Group: Cuban press makes strides despite controls
Posted September 28, 2016 9:27 am.
Last Updated September 28, 2016 10:00 am.
This article is more than 5 years old.
NEW YORK, N.Y. – An independent press is emerging in Cuba despite a constitutional requirement that media be controlled by the one party communist state, the Committee to Protect Journalists said in a report issued Wednesday.
CPJ said bloggers, documentary filmmakers and others have been creating new spaces for free expression and entrepreneurial journalism, but they are still hindered by the threat of arbitrary detention and limited internet access.
“The change in Cuba’s outlook toward a more free press is a welcome development,” Carlos Lauría, CPJ’s program director and senior Americas program co-ordinator said. “The government needs to ground these changes in the country’s constitution and other legal frameworks so that journalists and bloggers can report freely and without fear of persecution.”
The advent of an independent media can be traced back to 2011 when President Raul Castro introduced free market reforms, but these reforms have been sluggishly implemented and even reversed in some cases, the report states.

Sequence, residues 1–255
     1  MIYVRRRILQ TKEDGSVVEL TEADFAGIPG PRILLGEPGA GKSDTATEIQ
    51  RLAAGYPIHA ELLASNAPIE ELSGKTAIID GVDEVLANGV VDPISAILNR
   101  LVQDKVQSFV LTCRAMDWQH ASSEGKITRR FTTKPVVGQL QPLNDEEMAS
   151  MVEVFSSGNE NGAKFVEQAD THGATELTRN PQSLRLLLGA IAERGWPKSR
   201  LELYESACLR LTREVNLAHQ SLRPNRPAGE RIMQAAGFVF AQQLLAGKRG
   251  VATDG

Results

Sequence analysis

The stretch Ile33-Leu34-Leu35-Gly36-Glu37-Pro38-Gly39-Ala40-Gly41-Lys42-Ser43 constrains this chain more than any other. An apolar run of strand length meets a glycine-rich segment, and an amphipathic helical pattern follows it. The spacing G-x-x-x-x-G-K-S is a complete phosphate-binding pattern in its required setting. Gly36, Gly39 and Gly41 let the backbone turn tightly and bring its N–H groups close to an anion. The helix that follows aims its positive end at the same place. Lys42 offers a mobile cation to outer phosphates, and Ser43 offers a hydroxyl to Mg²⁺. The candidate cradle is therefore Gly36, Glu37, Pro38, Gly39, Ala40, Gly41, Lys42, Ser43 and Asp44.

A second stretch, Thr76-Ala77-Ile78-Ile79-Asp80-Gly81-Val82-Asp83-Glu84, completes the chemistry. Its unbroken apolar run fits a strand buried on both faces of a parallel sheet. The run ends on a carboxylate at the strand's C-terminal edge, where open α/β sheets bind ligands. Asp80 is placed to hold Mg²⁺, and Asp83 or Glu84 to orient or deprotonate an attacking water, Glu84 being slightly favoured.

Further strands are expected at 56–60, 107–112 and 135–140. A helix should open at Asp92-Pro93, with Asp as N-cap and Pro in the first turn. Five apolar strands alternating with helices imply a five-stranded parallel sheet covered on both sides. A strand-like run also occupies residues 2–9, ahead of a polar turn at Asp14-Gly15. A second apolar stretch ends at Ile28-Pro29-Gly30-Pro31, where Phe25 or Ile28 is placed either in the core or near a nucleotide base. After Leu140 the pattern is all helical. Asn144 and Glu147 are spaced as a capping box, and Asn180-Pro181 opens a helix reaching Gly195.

The restoration of diplomatic relations between the U.S. and Cuba in December 2014 also made it harder to justify press censorship as a way to protect from American aggression, the report said, citing Cuban journalists.
The report includes an overview of internet access in Cuba, which ranks last in terms of connectedness in the Americas, complicating efforts by journalists to distribute their content online.
Cuba also has the most restrictive free speech laws in the Americas and it ranked 10th on CPJ’s 2015 list of world’s most censored nations.
CPJ said that many of the journalists it interviewed said they sometimes avoid publishing work that is overtly critical of the government because of the lack of legal protections.
The organization called on the Cuban government to dismantle the current legal framework that allows censorship and arbitrary detention and to improve internet access for the island’s 11 million citizens.